English: Bernini’s “Gloria” surmounting the “Cathedra Petri”, also by him. Saint Peter’s Basilica, Vatican City. (Photo credit: Wikipedia)
English: Side View of Tomb of Alexander VII, designed by Gianlorenzo Bernini, 1671-8, St Peter’s, Vatican City (Photo credit: Wikipedia)
English: Detail of the Tomb of Alexander VII, St Peter’s, Vatican City. Design by Gianlorenzo Bernini, 1671-8 (Photo credit: Wikipedia)
English: Sculptural monument designed by Bernini and situated in St Peters. (Photo credit: Wikipedia)
English: Wide angle View of the altar inside St. Peter’s Basilica (Photo credit: Wikipedia)
The tomb of Fabio Chigi, Pope Alexander VII (Photo credit: Northfielder)
Allegory of Prudence by Angelo De Rossi on the monument of Pope Alexander VIII (1689-1691) (Photo credit: mharrsch)
Il baldacchino di san Pietro del Bernini, in san Pietro in Vaticano. (Photo credit: Wikipedia)
Chair of Saint Peter (Photo credit: Wikipedia)
English: A 5×6 segment panoramic image taken by myself with a Canon 5D and 70-200mm f/2.8L lens from the dome of St Peter’s in Vatican City in Rome. Français: Image panoramique composée de 5×6 photos prises par David Iliff à l’aide d’un appareil Canon 5D et une lentille 70-200mm f/2.8L à partir du dôme de la Basilique Saint-Pierre au Vatican. (Photo credit: Wikipedia)
English: Bernini’s baldacchino, inside Saint Peter’s Basilica, Vatican City. (Photo credit: Wikipedia)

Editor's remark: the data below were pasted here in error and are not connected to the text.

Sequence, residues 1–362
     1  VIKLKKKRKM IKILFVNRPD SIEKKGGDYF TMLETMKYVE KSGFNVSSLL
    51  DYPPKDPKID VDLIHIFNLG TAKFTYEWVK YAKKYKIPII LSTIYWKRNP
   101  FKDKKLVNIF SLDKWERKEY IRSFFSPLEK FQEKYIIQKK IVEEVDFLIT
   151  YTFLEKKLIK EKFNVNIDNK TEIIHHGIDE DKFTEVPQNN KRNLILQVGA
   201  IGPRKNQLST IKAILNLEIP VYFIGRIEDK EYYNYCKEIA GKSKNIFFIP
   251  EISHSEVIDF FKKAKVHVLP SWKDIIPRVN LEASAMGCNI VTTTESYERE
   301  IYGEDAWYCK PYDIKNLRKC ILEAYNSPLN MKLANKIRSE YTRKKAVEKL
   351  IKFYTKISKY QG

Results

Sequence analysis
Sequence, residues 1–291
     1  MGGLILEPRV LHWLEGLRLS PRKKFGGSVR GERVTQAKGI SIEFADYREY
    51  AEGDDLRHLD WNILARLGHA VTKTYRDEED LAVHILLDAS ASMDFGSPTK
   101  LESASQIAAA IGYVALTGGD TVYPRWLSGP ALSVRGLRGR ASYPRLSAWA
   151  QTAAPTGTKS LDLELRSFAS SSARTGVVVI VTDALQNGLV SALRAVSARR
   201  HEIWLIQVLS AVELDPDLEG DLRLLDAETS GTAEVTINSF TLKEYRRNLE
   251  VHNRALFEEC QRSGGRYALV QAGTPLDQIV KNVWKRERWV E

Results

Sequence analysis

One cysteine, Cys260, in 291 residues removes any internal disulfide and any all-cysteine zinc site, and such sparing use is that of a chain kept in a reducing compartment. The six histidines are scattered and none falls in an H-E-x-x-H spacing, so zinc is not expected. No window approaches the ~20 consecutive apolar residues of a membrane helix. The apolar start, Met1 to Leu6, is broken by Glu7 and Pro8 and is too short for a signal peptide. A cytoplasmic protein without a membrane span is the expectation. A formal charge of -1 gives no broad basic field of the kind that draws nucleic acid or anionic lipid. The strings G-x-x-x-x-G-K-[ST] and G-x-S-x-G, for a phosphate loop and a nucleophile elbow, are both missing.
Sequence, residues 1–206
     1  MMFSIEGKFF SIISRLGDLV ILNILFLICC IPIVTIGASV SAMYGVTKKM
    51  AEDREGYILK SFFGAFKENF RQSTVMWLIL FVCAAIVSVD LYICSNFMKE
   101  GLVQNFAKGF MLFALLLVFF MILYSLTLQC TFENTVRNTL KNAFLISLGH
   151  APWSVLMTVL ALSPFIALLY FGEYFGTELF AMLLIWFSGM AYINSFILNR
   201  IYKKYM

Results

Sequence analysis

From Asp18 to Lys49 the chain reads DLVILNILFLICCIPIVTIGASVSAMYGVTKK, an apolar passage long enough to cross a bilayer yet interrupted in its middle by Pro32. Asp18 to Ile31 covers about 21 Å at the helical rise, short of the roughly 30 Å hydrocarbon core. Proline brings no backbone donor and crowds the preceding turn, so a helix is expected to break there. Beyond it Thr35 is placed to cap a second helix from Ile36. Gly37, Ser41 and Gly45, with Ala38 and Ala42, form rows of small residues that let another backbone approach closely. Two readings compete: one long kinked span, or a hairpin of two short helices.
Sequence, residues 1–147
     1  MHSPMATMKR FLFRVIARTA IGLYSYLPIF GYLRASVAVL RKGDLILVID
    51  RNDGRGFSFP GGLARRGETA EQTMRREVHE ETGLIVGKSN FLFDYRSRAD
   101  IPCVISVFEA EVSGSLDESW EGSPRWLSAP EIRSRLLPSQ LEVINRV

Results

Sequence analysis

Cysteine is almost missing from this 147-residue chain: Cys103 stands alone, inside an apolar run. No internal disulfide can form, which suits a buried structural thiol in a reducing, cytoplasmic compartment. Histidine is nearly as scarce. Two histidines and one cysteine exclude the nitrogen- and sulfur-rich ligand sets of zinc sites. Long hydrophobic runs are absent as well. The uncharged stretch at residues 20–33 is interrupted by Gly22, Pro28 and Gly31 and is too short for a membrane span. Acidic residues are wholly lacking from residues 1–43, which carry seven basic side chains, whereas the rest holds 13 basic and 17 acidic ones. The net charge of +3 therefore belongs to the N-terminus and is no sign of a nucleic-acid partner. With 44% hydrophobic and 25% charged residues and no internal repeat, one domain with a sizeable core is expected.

English: St. Peter’s Basilica – Baroque Baldachin of Bernini Italiano: Basilica di San Pietro – baldachino di Bernini Polski: Barokowy baldachim z brązu w bazylice watykańskiej (Photo credit: Wikipedia)
The Vatican has the oldest and widest collection of priceless art in the world. The Sistine Chapel, the Vatican Museums and St. Peter’s Basilica are brimming with masterpieces.
One of my favorite Bernini treasures is at St. Peter’s Basilica. Bernini’s breathtaking monument of Pope Alexander VII was completed in 1678 when Bernini was 80 years old. Pope Alexander VII commissioned Bernini to enclose St. Peter’s Square with the famous colonnade.
This sculpture memorializes the Pope‘s life and like all funeral monuments it depicts important virtues that the Pope practiced during his life. In the sculpture, the Pope is surrounded by opulent marble allegorical figures that represent: Truth, Justice, Charity and Prudence. Just like a pope, it’s a good idea to practice these “Virtues” on a daily basis.
“Charity” has a child in her arms. Notice that the figure of “Truth” has her foot on a globe. There is a thorn projecting from England on Bernini’s globe. This is because King Henry VIII, (King of England) decided to abandon the Catholic Church when they would not grant him a divorce which ultimatelly spawned the Anglican Church. The pope attempted to quell the growth of Anglicanism in England but he was not successful. The Pope’s struggle is immortalized by Bernini’s globe.
Bernini’s guilded bronze skeleton of “Death” is holding an hour-glass in front of “Truth.” We are reminded that our days are numbered. Watch this YouTube video of Bernini’s work http://www.youtube.com/watch?v=GX0KOPcMC3Y&NR=1
To learn more about Rome read www.vino-con-vista.com Travel Guides by Dr. EveAnn Lovero and
Vino Con Vista Travel Guides can be purchased at these sites